Leonard Peltier Speaks on the Occasion of the 30th Anniversary of the Jumping Bull Shootout
I know this is a dictated speech that is going to be read to you, however, I want to speak to you as if I were there, or should I say. here with you. Every year someone or some people at Oglala remember the sacrifices of the people who were there trying to make a difference for our people. And every year I remember the ones who aren't with us, the ones who can no longer be with us, and the sacrifices that they made. Sometimes I'm at a loss for words for the heartfelt appreciation I have- that you would remember all of those that gave their lives - as Joe Stuntz did; and, all of those who continue to strive in so many different ways to serve the people.
I deeply regret that I can't be there with you. But yet in a way, I have to count my blessings. I have lived to see changes take place for our people. Though they are not as good as I would wish, there have been changes brought about by Joe Stuntz and others who have sacrificed in some way for our people. As I said, I have to be grateful because, although in a limited way, I have had the chance to get to know my children, some of my grandchildren, and they in turn have gotten to know me; something that my brother Joe and so many others who lost their lives fighting for the people, did not have an opportunity to do.
When I first came here, I was considered a young warrior and now within my circle, I am looked upon as an Elder- Something that hopefully all of you will come to be a part of in your lifetime. I had a friend once, an Elder who has since gone on, who once said to me that every person that he had consulted with on their death bed had spoken of the Creator and their family. That became the highest priority in their life and what was left of it. And he spoke to me of many because he had been an emergency room technician at one time. In thinking and remembering this, it always reminds me of the Sundance and the Sweat lodge and how the extremes of pain and sacrifice always seem to bring those same concerns to mind. Each of us - from the day we are born, to the time that we pass on, should remember to talk to the Creator and pray for our relatives.
Forgive me if I sound a little sentimental or dramatic, but I've experienced thirty years of dying, thirty years of hearing that some of my relatives have gone on, thirty years of praying for our people, and I am so grateful that the Creator has allowed me to talk to you in some way and let you know that you are my family. You are my relatives. You are my young warriors and my Elders. And, if I am remembered for anything at all, I want it to be that I never gave up - for you. I want you to know that I have faith in you, that one day your efforts will bring about a stronger nation; a nation where alcoholism, diabetes, suicide, and poverty do not control the lives of our people.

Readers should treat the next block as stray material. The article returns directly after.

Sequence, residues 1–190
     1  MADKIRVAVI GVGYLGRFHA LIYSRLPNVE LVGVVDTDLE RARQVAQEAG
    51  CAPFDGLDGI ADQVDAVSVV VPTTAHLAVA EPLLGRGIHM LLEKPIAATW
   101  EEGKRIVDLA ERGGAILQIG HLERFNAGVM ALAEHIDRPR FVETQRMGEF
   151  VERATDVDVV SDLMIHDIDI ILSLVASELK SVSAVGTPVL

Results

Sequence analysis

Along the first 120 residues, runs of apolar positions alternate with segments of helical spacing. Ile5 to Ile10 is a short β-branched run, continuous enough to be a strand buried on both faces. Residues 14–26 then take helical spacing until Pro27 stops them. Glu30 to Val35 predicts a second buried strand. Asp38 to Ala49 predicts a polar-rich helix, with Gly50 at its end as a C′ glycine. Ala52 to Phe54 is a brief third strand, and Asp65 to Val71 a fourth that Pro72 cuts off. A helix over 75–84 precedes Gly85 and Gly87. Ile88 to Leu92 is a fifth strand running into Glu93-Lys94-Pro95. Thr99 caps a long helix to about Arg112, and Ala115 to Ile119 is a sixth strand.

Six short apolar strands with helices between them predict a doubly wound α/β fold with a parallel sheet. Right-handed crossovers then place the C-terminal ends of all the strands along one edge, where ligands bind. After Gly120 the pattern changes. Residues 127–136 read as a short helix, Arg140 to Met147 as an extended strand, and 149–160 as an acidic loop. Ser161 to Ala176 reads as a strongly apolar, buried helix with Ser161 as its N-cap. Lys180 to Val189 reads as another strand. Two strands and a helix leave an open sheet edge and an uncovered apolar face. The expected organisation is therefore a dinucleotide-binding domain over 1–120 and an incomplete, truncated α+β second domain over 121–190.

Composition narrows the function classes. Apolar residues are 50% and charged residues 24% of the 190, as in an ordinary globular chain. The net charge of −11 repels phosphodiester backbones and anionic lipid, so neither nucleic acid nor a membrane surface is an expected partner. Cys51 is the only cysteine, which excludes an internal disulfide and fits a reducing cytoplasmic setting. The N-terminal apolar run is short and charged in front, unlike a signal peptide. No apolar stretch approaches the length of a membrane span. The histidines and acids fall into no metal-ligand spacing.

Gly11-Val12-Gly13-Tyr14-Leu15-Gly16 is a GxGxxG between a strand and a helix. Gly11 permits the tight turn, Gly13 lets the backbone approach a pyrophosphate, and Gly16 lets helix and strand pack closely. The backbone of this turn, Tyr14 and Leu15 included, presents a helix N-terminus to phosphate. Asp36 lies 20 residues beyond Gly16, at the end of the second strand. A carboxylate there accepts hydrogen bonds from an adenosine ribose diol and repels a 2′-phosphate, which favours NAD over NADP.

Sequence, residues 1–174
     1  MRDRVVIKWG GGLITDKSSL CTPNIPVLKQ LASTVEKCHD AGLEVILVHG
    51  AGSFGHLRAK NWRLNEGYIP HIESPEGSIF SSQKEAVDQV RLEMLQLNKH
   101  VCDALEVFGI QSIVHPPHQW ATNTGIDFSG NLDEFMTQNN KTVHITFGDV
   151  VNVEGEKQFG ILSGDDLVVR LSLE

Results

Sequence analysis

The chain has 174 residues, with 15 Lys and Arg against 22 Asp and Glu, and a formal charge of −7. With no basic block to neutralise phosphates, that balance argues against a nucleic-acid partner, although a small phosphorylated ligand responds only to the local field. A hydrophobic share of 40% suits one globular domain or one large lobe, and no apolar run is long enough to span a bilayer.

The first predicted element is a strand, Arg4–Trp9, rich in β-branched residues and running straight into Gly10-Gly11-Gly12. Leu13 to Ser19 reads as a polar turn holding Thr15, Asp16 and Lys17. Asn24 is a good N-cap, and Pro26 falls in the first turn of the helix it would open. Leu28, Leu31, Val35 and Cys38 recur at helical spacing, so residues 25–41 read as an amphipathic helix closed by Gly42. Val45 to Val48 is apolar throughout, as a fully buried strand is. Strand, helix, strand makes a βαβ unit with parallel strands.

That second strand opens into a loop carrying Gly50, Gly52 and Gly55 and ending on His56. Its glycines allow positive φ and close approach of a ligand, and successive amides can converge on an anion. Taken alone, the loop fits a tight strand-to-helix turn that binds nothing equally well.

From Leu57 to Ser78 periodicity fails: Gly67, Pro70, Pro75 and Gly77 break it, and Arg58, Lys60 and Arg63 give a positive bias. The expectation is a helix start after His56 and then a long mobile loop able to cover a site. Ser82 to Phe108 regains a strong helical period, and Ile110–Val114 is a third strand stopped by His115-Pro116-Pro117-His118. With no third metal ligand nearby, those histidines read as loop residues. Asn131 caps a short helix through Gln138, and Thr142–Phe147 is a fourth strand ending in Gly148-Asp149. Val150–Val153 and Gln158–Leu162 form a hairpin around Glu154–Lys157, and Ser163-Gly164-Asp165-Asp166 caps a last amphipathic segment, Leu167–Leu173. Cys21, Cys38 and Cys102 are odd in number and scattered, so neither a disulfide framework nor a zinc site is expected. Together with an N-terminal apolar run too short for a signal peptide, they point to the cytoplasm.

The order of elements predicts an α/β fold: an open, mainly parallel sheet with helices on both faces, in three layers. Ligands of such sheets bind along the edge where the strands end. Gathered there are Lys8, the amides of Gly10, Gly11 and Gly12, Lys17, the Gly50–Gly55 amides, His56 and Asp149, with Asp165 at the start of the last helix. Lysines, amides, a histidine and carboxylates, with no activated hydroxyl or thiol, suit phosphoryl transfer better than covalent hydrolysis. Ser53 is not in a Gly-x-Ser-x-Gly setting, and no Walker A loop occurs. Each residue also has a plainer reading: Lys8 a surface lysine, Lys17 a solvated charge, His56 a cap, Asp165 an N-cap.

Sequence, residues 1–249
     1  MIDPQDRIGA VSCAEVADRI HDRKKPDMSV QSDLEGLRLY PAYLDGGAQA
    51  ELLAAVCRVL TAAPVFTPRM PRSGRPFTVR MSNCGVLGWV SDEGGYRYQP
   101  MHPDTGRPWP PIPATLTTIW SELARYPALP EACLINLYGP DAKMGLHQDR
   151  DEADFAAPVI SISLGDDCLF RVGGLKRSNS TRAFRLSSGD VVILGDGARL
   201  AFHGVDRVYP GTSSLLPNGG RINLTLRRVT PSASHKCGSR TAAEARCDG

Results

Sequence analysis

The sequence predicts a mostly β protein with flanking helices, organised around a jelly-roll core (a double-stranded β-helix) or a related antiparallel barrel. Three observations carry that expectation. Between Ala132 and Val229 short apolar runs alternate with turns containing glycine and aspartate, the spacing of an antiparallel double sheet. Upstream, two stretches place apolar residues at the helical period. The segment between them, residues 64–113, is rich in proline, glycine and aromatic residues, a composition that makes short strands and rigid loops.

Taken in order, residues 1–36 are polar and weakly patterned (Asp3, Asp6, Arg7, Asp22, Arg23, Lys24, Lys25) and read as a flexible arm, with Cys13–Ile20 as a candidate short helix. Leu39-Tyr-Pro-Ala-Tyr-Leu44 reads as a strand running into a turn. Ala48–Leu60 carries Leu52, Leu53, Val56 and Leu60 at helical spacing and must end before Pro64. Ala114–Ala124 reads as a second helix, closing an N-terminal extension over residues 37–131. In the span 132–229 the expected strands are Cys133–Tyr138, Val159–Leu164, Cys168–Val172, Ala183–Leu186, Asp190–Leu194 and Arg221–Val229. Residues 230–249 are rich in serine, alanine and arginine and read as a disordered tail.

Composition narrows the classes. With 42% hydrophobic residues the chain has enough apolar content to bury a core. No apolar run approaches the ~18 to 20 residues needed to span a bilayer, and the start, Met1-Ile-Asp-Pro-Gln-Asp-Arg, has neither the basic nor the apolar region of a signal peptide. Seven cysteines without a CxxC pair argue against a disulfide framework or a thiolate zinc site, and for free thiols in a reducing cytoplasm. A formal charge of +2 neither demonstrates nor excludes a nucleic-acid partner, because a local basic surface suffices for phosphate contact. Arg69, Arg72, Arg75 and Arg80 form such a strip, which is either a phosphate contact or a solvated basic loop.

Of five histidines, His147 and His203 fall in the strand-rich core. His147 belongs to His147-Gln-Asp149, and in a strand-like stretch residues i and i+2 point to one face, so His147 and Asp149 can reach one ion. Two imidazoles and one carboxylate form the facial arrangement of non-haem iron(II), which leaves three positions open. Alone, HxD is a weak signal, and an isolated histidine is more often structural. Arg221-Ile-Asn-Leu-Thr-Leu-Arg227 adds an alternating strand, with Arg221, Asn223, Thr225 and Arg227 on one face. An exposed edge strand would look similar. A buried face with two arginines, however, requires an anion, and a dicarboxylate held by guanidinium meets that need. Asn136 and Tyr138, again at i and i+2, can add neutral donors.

I know lately there has been a lot of concern and rumors about various individuals who have collaborated in some way with the government against their own people, people who are giving away some of our sovereignty; giving away our right to determine our own destiny and to handle our own affairs. With this in mind, I want to encourage you to remember always who we are and I want to ask you to remind yourselves that this is our land, given to us by the Creator, and our freedom was given to us by the Creator. The forest, the trees, the animals, the prairie - were all given to us by the Creator. No man of any nation or color or origin has the right to take that away. We have the right, given to us by the Creator, to resist; to protect our own; to stand firm on the principles and the teachings the Creator has given our people for thousands of years.
We are a beautiful people; we have a beautiful culture, and we should seek to join with all our brothers and sisters and relatives of other Indigenous nations who are faced with the same dangers of loss. There is an old Cheyenne saying I once heard that a Nation is never defeated until the hearts of it's women are on the ground. The hearts of our women may be low, but they are not on the ground and I damn sure ain't gonna let it happen on my shift. I love you to the nth degree. I always will. You will always be in my prayers. Do what you can, where you can, from where you stand and - to quote Sitting Bull - let's see what kind of nation we can make for our children. I don't say I love you easily but I want you to know that I love you - my heart is with you and never, never, never .give up !
Before I finish, I want to say thank you, though I was told by an Elder that it was better to show your thanks with your deeds and your gifts, rather than just speaking it with your mouth. I apologize that I have nothing to give but I want you to know that you have my prayers, my thoughts, and what is left of my life. I will always be with you.
In the Spirit of Crazy Horse,
Learn more about Leonard Peltier: http://www.leonardpeltier.org/
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